News Release

Crop Insurance Deadline Nears in Iowa, Minnesota, and Wisconsin for Spring Planted Crops, Whole-Farm Revenue Protection, and Micro Farm Program

SAINT PAUL, Minn., Feb. 15, 2024 — USDA’s Risk Management Agency (RMA) reminds Iowa, Minnesota, and Wisconsin growers that the final date to apply for or make changes to their existing crop insurance coverage for spring planted crops is March 15 for the 2024 Crop Year. This includes such crops as barley, buckwheat, cabbage, canola, cigar binder tobacco, corn, cucumbers, dry beans, dry peas, flax, forage seeding, grain sorghum, green peas, hemp, hybrid seed corn, oats, onions, popcorn, potatoes, processing beans, soybeans, sugar beets, sunflowers, sweet corn, triticale, and wheat as well as options and endorsements, like Yield Exclusion. Growers also have until March 15 to apply for or make changes to their Whole-Farm Revenue Protection policy and until April 15 for their Micro Farm Program policy.

Federal crop insurance is critical to the farm safety net. It helps producers and owners manage revenue risks and strengthens the rural economy. Growers may select from several coverage options, including yield coverage, revenue protection, and area risk plans of insurance. Additional information can be found on the Actuarial Information Browser page on the RMA website.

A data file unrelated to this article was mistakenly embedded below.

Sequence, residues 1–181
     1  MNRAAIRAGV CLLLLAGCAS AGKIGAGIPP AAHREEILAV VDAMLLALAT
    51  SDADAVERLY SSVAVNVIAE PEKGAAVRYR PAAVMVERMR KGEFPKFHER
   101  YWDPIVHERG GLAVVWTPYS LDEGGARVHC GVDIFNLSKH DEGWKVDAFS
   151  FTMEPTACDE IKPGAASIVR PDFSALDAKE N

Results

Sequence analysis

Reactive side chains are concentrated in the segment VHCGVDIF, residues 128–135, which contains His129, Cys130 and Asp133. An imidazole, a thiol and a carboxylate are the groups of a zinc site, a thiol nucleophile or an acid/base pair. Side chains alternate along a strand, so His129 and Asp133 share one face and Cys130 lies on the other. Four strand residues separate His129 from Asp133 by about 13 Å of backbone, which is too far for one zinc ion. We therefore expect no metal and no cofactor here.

Growers are encouraged to visit their crop insurance agent soon to learn specific details for the 2024 crop year.

Crop insurance is sold and delivered solely through private crop insurance agents. A list of crop insurance agents is available at all USDA Service Centers and online at the RMA Agent Locator. Learn more about crop insurance and the modern farm safety net at 

USDA touches the lives of all Americans each day in so many positive ways. Under the Biden-Harris Administration, USDA is transforming America’s food system with a greater focus on more resilient local and regional food production, fairer markets for all producers, ensuring access to safe, healthy and nutritious food in all communities, building new markets and streams of income for farmers and producers using climate smart food and forestry practices, making historic investments in infrastructure and clean energy capabilities in rural America, and committing to equity across the Department by removing systemic barriers and building a workforce more representative of America. To learn more, visit


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